28. Gyatso Tendzin. “Human Nature: On the Luminosity of Being.” New Scientist 178, no. 2396 (2003): 42–43. [Google Scholar]
  29. Daniel Dennett. Consciousness Explained. Boston: Little, Brown and Company, 1991. [Google Scholar]
  30. Owen Flanagan. The Really Hard Problem: Meaning in a Material World. Cambridge, MA: MIT Press, 2007. [Google Scholar]
  31. John R. Searle. Mind, Language, and Society: Philosophy in the Real World. New York: Basic Books, 1998. [Google Scholar]
  32. David Chalmers. “Facing Up to the Problem of Consciousness.” Journal of Consciousness Studies 2, no. 3 (1995): 200–19. [Google Scholar]
  • 1My use of the term “phenomenology” should not be conflated with its use in the philosophy of mind to mean how the neural substrate of the brain gives rise to mental states. My use derives from classical philosophical phenomenology, with its emphasis on first-person experience, intentionality, and the broader contexts that enable them.
  • 2As John Searle notes, the property dualist cannot help lapsing into substance dualism ([6], p. 63). The property dualist rejects the existence of ontological substances in favor of distinct material and mental “phenomena”. This appears to coincide with how Buddhists talk about mind and matter as qualitatively different experiences. But the property dualist talks about “two mutually exclusive metaphysical categories that constitute all of empirical reality” ([6], p. 58), which has the same philosophical problem as substance dualism: How can two distinct “things”, whether substance or property, interact and co-exist? As we will see, this problem does not arise in the Buddhist understanding of mind and matter.
  • 3This is why the mind is recognized as the sixth sensory organ in Buddhism. Mental awareness and attention are necessary to have visual consciousness, aural consciousness, and so forth. This also emphasizes that physical sensory experiences are fundamentally events-in-consciousness, as opposed to things that can be separated from consciousness.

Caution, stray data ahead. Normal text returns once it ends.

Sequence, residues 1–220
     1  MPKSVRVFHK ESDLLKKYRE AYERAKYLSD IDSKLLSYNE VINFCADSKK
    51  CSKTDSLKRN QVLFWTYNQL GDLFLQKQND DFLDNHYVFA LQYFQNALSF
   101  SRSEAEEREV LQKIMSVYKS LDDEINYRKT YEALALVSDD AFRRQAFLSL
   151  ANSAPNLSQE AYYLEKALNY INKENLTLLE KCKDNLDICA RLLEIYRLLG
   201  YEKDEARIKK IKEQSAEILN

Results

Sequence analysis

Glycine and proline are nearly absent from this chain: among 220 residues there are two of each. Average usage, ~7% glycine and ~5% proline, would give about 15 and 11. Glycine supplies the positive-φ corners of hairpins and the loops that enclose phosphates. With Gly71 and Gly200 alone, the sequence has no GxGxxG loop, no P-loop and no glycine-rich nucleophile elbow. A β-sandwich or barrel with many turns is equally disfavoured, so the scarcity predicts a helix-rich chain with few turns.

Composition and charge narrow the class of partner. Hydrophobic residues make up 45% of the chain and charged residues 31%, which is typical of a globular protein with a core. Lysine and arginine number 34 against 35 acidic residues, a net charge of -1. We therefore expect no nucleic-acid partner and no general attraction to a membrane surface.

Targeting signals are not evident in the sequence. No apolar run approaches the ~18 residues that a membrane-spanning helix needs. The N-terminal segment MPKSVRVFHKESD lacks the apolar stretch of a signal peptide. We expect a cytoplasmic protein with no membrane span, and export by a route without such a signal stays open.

• 4To be clear, in this passage Vasubandhu is arguing against the idea that hell (which Buddhist texts describe in gory detail) are actual physical places into which people are reborn as a result of bad karma. He claims instead that hell is an internal object of consciousness, created by a prior series of consciousness states. I modify Vasubandhu’s argument here so that the perception of “external” events such as punishing tornados are also internal consciousness-objects.
  • 5There is an active debate among Yogācāra scholars as to whether or not “perception-only” means that external objects do not exist at all. In referring to external objects here, I do not necessarily take sides in this debate but rather make a point with which all sides agree: Even if there are external objects in the world, they are cognized as objects of consciousness rather than in themselves.
  • 6The concept of “Buddha-nature” which begins in India and has a dominant presence in East Asian Buddhism is sometimes accused of introducing a metaphysical “self” or “mind” by rival Buddhist schools, as well as by contemporary scholars. I side with the indigenous sources that deny the charge. The debate about Buddha-nature is essentially soteriological, regarding the possibility of all beings to attain liberation. The Mahāyāna dominated cultures of East Asia and Tibet affirm this possibility.
  • 7Searle admits, “we really do not understand how brain processes cause consciousness” and states that the traditional vocabulary that contrasts the mental and the physical is “confused and obsolete” ([6], p. 57). His own attempt to get beyond this vocabularly, however, amounts to his distinction between causal and ontological reductionism. But if property dualism is really no different from substance dualism, as Searle correctly observes, then his own favoring of causal over ontological reductionism is no more successful in substantially departing from the traditional distinction between mind and matter.
Religions EISSN 2077-1444 Published by MDPI AG, Basel, Switzerland RSS E-Mail Table of Contents Alert